We Are One Festival 9-11 August is free entry
- The We Are One Festival will host a series of debates and workshops, including the launch of the ‘Homes not Hospitals’ campaign, a ‘Call to Action’ on Self-Directed Support and a session on Caring Activism
- Festival is a collaboration by non-profit organisations and will “celebrate diversity and assert the equal status of all those pushed to the margins on account of their disability, gender, sexuality or political status”
- The festival immediately follows the World Congress of the Scientific Study of Intellectual and Developmental Disabilities, which will see over 1,200 learning disability researchers and practitioners come together from all over the world
A ‘FESTIVAL OF CITIZENSHIP’ will take place in Glasgow next week to celebrate diversity and equality.
The We Are One festival from 9-11 August is the first of its kind in Scotland, and will see a series of debates, workshops art and music hosted by disabled people’s rights groups, social care organisations and other campaigns and charities looking at some of the big issues facing marginalised groups in Scotland today.
The free entry event is a collaboration by non-profit organisations as part of Citizen Network Scotland, including In Control Scotland and ENABLE Scotland, LEAP Sports Scotland, Radical Visions and many more.
Citizen Network describes itself as a “global non-profit cooperative movement, formed to create aworld where everyone matters – where everyone can be an equal citizen”.
John Dalrymple, coordinator of Citizen Network Scotland, said that the festival came “at a time when the stigmatisation of difference has become routine, and sustained policies of "austerity" are eroding a shared sense of the common good.”
“Through music, debate and storytelling the Festival will instead celebrate diversity and assert the equal status of all those pushed to the margins on account of their disability, gender, sexuality or political status,” he added.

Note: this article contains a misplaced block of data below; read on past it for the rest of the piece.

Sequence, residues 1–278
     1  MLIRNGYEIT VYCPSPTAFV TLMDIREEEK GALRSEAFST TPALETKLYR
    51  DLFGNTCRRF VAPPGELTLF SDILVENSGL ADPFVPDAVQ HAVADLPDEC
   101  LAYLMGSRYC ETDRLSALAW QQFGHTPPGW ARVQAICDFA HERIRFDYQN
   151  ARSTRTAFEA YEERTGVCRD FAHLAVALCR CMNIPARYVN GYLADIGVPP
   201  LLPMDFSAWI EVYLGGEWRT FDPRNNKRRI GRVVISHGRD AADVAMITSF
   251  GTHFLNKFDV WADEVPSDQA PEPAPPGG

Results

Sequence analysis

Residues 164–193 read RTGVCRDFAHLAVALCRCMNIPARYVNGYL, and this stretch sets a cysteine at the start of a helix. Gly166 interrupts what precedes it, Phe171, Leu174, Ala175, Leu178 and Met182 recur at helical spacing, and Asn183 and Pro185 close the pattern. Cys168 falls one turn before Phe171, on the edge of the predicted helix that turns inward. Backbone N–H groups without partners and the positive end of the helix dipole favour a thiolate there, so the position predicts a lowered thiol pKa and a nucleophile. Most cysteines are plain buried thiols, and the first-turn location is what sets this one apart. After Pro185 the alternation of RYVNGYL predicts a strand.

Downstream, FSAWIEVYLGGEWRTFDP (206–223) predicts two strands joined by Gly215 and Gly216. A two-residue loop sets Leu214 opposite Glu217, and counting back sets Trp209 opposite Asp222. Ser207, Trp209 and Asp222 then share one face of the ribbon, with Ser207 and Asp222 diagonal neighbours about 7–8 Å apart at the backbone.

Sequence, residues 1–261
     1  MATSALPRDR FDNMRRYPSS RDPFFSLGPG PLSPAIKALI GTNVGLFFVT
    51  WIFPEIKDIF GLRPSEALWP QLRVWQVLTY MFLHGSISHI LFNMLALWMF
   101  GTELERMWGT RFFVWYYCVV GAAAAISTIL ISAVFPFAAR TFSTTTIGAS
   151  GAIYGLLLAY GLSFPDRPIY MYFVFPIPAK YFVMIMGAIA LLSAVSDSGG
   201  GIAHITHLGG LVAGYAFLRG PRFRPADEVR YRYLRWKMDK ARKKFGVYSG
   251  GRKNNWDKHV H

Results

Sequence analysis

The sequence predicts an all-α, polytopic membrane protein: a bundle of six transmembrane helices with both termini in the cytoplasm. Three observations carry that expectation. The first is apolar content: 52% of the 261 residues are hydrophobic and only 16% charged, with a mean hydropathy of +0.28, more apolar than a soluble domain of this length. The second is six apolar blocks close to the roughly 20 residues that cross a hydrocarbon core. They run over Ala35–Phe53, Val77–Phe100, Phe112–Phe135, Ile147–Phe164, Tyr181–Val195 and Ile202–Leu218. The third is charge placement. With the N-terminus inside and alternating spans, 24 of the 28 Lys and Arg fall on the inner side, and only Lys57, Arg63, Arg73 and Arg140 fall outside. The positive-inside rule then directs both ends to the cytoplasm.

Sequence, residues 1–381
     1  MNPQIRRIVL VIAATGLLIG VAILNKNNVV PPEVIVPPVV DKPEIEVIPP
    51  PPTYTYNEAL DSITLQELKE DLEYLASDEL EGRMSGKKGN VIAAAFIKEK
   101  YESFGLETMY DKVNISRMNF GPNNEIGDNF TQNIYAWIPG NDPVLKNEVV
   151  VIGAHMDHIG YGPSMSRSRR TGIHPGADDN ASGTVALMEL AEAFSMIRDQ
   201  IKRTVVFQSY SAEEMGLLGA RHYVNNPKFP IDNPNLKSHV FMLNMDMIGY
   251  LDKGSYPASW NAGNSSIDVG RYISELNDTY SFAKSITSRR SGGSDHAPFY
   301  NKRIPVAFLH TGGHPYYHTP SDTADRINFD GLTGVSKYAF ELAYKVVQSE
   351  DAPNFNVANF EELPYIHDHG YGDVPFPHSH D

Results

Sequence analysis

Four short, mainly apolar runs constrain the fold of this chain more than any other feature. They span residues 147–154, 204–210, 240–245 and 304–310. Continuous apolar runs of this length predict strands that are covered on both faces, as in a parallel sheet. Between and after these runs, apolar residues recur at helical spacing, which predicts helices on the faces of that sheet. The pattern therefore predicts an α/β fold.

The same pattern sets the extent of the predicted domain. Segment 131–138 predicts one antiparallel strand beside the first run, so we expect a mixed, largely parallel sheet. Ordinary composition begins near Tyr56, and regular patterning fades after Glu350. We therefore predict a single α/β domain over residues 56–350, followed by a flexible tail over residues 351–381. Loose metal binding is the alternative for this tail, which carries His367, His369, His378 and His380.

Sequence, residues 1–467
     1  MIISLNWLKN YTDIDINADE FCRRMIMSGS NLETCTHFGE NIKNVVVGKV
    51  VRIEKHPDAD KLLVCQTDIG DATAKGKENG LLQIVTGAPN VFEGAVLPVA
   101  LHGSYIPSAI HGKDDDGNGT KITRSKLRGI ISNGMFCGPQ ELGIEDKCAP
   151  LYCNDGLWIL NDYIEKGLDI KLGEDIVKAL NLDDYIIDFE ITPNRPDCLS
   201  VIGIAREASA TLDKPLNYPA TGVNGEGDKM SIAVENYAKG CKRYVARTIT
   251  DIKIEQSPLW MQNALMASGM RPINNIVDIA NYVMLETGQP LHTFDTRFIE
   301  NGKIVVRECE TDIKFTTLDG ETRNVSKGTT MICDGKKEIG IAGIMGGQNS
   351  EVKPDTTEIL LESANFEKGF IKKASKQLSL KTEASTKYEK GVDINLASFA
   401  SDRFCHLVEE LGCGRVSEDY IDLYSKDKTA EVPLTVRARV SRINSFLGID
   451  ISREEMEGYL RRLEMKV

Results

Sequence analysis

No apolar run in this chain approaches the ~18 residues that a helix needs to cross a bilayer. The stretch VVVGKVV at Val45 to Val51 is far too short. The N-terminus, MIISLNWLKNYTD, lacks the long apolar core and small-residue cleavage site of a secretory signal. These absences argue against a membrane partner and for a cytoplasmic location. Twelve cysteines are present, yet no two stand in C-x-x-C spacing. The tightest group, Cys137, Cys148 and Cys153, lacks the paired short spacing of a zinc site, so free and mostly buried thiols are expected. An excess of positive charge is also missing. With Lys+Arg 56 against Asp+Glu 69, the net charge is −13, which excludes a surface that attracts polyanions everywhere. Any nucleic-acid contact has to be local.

The programme for the festival includes:
- The launch of ‘Homes not Hospitals’ campaign in Scotland seeking to tackle the social care crisis;
- A ‘Caring Activism’ session which will “show how citizens can take power with each other to support vulnerable people in a crisis”;
- An event showcasing a Finnish approach to “the promotion of citizen involvement in volunteering, using art & culture to work with those with mental health issues, disabled people, prisoners, and marginalised communities”.
- A ‘Call to Action’ on Self-Directed Support, which provides the legislative basis for all social work and social care services in Scotland.
- A talk on welfare reform in the age of austerity, Brexit and Trump
- A debate on Universal Basic Income
- A session titled ‘Active Citizen or Passive Consumer?’ which will explore the state of democracy and the role of citizens in the democratic process
The event, taking place in venues across Glasgow city centre, will begin on the Friday evening with a night of live music hosted by Stay Up Late Scotland, which campaigns to make sure that people with learning difficulties are able to lead active, fun social lives.
The festival will immediately follow the conclusion of the World Congress of the Scientific Study of Intellectual and Developmental Disabilities (IASSIDD), which is taking place in Glasgow from 6-9 August at the SECC, and will see over 1,200 learning disability researchers and practitioners come together from all over the world. The theme of the conference is a Future4All.